Silver Gilt Fede Wedding Ring with Inscribed Band
This is a superb medieval silver-gilt betrothal/wedding ring, dating to the 14th - 15th century A.D. The band is inscribed with IESVS NACER / AVE Maria. The bezel having deeply cut and engraved representation of a clasped hand (fede). Traces of the original mercurial gold gilding remain. It is a very 'showy' piece of wearable medieval jewelry - originally worn as a wedding band / with a protective inscription.
Medieval lovers gave each other rings, and rings were used to mark betrothals and weddings, but among surviving rings, it is impossible today to distinguish these different uses. Such rings are generally called 'fede' (faith) rings. Rings showing clasped hands first appeared in Roman times when they represented a legal contract. Since the clasping of hands was part of the medieval betrothal ceremony, it is not surprising to find rings that can be attributed to the 'wedding ring' genre. Either way, it would be impossible to distinguish this ring as commemorative of love, betrothal or marriage - what we can say is that this ring would have been given to a man to wear. During this period a strict code of sumptuary laws forbade the wearing of silver and gold jewelry to lower classes in society, thus we can be sure this gentleman would have been a knight or nobleman.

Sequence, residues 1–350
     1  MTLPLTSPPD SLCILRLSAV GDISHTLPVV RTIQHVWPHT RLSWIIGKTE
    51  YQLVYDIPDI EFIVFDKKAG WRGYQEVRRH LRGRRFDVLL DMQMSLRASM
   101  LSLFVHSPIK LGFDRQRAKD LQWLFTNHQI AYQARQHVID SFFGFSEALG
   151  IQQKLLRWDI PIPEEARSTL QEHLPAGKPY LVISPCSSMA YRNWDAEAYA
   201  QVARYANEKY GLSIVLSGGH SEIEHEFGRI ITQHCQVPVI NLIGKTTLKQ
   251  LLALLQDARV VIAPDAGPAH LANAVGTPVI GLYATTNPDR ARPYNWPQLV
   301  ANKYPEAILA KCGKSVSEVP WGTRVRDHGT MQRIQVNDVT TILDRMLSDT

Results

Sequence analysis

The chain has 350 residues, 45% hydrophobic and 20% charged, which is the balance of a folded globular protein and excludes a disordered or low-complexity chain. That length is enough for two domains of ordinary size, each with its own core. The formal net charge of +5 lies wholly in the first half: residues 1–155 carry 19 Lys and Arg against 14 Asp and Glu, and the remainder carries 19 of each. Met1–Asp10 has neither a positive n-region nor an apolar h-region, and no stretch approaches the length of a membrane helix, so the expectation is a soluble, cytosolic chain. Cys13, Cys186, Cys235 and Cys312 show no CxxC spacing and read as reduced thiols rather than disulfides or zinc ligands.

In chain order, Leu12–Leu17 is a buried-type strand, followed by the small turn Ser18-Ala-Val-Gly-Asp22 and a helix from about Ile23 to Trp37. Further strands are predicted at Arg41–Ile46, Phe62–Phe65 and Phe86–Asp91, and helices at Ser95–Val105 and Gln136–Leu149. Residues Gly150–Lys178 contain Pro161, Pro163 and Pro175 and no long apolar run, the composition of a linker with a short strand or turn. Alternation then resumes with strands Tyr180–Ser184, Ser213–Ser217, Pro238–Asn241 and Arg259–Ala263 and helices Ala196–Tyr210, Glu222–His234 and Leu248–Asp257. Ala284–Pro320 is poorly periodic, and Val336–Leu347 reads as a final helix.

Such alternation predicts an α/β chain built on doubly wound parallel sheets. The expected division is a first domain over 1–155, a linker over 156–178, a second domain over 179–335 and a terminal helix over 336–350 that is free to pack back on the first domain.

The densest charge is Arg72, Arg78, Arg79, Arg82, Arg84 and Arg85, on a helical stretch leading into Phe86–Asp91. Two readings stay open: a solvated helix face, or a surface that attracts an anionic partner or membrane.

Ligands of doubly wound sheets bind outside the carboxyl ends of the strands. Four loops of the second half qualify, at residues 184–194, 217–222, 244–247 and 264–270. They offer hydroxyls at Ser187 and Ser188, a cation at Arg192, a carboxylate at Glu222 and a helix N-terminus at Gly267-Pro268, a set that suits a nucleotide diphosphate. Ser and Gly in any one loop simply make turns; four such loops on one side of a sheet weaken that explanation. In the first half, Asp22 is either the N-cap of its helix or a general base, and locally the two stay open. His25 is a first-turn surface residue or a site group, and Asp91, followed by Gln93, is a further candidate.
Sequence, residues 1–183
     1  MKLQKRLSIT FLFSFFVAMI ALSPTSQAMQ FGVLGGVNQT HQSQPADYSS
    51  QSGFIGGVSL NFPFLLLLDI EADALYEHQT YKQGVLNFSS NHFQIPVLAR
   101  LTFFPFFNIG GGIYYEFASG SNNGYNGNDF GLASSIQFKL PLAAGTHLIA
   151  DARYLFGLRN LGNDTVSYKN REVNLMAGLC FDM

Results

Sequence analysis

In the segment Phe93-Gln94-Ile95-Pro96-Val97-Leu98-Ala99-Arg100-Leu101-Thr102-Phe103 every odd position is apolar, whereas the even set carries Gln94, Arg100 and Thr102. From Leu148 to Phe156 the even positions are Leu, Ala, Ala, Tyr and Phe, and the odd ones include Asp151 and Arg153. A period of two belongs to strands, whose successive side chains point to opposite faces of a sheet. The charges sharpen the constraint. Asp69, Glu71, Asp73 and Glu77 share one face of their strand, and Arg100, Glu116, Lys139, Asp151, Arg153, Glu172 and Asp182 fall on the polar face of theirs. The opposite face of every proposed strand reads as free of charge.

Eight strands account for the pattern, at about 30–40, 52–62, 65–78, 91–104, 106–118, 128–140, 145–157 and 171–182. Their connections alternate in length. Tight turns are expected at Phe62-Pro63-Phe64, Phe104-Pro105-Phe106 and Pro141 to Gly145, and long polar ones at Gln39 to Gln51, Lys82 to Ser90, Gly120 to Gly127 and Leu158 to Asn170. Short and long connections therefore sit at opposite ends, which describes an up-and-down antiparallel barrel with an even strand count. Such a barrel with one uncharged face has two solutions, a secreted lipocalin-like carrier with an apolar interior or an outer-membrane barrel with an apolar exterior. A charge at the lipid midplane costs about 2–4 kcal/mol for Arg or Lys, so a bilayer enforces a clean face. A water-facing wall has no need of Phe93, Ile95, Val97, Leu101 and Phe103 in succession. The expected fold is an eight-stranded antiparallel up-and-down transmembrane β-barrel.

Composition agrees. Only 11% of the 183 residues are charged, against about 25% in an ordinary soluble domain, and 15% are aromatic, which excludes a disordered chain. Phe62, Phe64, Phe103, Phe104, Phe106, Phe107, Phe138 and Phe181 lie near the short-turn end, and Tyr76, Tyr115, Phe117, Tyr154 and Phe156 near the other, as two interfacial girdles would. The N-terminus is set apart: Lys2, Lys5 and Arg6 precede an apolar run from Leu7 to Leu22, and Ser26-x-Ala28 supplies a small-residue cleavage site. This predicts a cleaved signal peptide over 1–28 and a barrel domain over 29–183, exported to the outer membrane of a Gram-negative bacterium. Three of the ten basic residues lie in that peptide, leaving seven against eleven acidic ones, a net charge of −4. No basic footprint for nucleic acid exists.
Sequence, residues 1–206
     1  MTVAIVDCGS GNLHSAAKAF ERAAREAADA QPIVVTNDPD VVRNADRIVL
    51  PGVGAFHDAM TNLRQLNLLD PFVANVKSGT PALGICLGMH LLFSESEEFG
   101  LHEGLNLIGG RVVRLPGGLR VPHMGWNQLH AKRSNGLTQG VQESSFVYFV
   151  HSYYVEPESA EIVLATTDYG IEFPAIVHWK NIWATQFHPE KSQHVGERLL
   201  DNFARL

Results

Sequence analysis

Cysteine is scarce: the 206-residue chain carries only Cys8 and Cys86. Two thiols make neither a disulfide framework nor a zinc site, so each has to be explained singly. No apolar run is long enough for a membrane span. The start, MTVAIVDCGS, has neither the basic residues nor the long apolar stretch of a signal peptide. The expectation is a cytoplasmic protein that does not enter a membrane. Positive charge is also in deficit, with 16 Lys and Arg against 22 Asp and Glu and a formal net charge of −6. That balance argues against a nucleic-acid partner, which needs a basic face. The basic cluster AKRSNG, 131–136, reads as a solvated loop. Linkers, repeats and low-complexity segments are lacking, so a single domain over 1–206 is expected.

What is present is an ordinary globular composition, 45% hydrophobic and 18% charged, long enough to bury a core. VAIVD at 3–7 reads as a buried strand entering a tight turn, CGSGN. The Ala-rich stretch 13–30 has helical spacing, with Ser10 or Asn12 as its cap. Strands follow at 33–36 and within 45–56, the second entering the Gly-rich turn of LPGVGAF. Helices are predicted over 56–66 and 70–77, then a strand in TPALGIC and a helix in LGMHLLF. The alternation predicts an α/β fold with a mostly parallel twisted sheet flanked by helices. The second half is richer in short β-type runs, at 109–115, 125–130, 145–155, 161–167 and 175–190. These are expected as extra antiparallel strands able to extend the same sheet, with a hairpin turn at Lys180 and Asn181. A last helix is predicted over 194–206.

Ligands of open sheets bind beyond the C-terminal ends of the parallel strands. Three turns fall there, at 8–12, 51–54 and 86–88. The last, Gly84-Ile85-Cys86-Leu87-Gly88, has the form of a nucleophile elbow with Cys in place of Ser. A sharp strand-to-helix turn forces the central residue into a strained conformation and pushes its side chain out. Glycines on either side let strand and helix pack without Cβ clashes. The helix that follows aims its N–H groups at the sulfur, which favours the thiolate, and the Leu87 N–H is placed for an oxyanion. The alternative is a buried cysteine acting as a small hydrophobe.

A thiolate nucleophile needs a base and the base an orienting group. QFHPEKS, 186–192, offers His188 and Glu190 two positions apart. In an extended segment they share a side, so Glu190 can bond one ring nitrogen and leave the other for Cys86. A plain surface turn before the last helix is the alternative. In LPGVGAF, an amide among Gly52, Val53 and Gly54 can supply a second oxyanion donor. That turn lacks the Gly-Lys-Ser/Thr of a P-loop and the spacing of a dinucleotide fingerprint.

OBJECT: Wedding Ring
DATE: c. 1350 - 1450 A.D.
RING SIZE: 8 (US) Q (UK)
SIZE: 21mm x 23mm x 8mm
WEIGHT: 4.84 grams
PROVENANCE: Ex. European Private Collection